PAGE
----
Long way to the top - but MBA helped
Fitter-turner Les Roa vividly remembers his first day in the MBA classroom at Waikato University's management school 13 years ago.
"It was absolutely daunting.
"Everyone else seemed to have a degree - I struggled to get School Cert.
"I felt like running outside and vomiting I was that nervous."
He didn't do either, had a "profound" learning experience, and two years later graduated with a master of business administration.
When he started his studies, Longveld, a specialist in stainless steel fabrication for the dairy industry, employed 12 people.
When he graduated there were 42 on the payroll. Today there are 100.
"It was positive learning. Everything I learned I had the opportunity to implement in Longveld."
Roa, 53, owns Longveld - an amalgamation of his name (Roa means long in Maori) and wife Pam's maiden name Lelieveld - with his wife and two manager shareholders. His is the classic entrepreneurial success story.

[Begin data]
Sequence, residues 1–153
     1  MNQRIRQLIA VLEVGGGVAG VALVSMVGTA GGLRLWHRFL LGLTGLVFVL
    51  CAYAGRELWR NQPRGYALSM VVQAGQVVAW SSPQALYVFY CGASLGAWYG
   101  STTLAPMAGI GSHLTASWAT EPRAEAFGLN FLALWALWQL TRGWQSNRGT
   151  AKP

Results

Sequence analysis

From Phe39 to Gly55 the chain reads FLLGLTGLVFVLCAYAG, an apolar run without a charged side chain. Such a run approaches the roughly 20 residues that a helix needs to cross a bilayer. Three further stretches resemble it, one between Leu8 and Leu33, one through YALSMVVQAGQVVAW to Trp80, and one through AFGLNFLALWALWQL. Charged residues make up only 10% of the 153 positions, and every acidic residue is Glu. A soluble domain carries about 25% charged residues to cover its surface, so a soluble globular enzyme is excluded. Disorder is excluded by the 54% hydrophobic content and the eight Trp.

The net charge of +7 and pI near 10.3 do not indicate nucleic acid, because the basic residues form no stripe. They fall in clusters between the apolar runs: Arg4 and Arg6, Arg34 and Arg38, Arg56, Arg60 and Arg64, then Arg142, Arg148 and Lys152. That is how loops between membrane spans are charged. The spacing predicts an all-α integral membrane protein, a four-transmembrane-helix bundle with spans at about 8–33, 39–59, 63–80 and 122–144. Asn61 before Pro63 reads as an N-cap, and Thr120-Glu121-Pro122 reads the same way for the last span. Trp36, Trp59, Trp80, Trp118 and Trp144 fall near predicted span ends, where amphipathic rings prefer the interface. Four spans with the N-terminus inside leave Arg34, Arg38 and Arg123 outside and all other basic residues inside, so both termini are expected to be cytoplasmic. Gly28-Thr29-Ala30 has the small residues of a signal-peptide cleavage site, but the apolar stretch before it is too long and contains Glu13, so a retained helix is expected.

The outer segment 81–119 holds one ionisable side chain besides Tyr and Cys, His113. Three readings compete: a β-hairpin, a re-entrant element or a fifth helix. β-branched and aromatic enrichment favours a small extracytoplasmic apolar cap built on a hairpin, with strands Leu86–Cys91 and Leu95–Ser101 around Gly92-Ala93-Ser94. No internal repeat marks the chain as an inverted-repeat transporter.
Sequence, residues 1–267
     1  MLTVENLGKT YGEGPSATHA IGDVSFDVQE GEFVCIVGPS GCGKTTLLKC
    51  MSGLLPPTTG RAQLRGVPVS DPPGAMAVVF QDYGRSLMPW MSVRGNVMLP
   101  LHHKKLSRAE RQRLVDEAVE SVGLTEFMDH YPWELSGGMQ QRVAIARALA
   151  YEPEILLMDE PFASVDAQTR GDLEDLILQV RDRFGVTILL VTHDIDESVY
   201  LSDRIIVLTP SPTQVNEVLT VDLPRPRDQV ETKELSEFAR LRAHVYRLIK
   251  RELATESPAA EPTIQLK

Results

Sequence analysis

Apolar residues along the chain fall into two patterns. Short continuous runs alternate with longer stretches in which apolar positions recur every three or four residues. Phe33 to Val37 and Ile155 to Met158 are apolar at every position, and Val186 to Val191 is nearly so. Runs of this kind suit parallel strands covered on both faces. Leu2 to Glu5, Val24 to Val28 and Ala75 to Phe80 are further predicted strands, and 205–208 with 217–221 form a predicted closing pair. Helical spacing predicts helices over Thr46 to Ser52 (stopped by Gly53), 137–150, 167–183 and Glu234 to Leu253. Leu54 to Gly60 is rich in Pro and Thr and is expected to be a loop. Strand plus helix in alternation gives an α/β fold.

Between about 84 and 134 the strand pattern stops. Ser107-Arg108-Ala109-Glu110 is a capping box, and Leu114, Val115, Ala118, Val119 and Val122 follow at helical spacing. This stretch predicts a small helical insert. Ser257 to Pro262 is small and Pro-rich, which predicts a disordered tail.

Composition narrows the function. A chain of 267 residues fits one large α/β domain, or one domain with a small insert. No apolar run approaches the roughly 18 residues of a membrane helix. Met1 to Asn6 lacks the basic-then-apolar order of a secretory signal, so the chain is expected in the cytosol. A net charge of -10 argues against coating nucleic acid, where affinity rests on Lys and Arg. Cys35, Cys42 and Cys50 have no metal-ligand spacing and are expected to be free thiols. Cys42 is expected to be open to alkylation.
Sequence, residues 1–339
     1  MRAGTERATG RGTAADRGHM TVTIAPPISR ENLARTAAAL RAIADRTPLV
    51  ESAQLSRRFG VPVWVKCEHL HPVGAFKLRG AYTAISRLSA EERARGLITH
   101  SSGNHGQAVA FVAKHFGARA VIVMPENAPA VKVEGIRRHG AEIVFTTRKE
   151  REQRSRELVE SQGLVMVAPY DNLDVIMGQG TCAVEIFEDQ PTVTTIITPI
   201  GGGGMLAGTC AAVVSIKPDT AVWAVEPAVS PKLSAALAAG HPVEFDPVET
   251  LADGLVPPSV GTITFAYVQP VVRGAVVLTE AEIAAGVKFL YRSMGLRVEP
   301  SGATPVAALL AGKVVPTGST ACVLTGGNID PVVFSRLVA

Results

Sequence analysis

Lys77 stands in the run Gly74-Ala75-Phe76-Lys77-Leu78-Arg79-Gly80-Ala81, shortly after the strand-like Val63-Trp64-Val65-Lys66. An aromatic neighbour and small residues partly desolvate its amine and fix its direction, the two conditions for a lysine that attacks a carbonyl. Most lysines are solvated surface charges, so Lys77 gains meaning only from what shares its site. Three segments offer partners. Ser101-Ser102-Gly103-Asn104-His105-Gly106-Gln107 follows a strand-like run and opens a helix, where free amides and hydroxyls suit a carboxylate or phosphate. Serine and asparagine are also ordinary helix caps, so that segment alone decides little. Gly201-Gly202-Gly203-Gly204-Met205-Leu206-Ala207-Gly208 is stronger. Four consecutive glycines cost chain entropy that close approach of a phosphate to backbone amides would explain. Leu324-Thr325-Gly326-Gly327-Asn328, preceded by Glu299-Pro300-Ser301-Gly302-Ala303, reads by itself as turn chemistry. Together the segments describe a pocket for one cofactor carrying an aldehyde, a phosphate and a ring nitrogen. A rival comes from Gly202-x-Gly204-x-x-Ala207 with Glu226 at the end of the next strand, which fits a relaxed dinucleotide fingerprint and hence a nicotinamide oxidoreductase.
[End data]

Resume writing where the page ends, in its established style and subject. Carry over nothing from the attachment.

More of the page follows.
He was more of a rugby player at Te Awamutu College than a scholar.
He became a fitter-turner who developed a passion for working with stainless steel in the dairy sector. He met Pam in 1992, and the pair built Longveld from "a little garage" in Ellis St, Frankton. By 1999 the couple had 12 permanent staff and contracted extra help when necessary, and Roa had an itch to expand the business.
"I realised I was a great tradesperson but I lacked business knowledge.
"I wasn't that flash at the paperwork; Pam had the business head. I had a bit of an epiphany and no academic background and asked around."
Roa bumped into someone who had just done an MBA and thought "that would suit me".
He passed the entry requirements for Waikato University's management school and began a programme of "bloody hard work".
It opened a world of strategic planning, vision and goal-setting and, most profoundly, gave Roa new confidence.
He developed a whole new network of contacts, and the programme delivered "a huge amount of kudos from customers and staff" and recognition from stakeholders such as his banks.
On the way, Roa discovered he was slightly dyslexic, which made assignments and academic writing particularly challenging. Wife Pam, who has scientific qualifications, guided him.
He and Pam are today strong supporters of the programme and are student mentors. "I don't think Longveld would have grown without it."